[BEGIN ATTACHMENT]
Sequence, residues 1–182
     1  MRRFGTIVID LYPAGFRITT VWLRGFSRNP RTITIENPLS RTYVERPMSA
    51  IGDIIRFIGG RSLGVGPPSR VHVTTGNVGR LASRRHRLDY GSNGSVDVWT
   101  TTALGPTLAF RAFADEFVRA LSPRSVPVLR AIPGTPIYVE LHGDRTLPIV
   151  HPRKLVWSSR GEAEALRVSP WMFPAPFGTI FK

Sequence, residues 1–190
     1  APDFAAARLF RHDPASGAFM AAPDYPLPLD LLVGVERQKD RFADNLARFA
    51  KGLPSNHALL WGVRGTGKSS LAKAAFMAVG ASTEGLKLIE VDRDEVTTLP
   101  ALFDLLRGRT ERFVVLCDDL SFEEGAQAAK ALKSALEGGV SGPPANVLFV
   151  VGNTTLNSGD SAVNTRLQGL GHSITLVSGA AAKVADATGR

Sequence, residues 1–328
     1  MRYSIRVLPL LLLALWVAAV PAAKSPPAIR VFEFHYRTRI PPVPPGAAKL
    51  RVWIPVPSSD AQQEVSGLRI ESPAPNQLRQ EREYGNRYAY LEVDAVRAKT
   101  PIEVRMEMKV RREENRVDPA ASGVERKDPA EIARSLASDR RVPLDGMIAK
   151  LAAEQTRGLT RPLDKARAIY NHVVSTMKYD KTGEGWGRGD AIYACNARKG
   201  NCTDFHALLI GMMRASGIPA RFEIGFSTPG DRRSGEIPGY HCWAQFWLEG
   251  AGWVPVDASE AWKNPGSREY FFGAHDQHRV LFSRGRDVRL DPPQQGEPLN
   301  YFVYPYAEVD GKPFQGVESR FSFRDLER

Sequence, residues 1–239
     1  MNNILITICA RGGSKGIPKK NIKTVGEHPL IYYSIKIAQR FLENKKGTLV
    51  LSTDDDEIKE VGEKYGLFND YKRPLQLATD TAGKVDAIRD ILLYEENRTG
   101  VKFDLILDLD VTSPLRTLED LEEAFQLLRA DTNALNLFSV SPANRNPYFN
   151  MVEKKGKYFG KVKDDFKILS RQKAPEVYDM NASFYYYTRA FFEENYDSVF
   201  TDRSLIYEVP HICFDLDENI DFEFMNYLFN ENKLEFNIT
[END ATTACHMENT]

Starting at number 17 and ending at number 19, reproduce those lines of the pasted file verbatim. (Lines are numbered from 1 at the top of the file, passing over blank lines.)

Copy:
   251  AGWVPVDASE AWKNPGSREY FFGAHDQHRV LFSRGRDVRL DPPQQGEPLN
   301  YFVYPYAEVD GKPFQGVESR FSFRDLER

Sequence, residues 1–239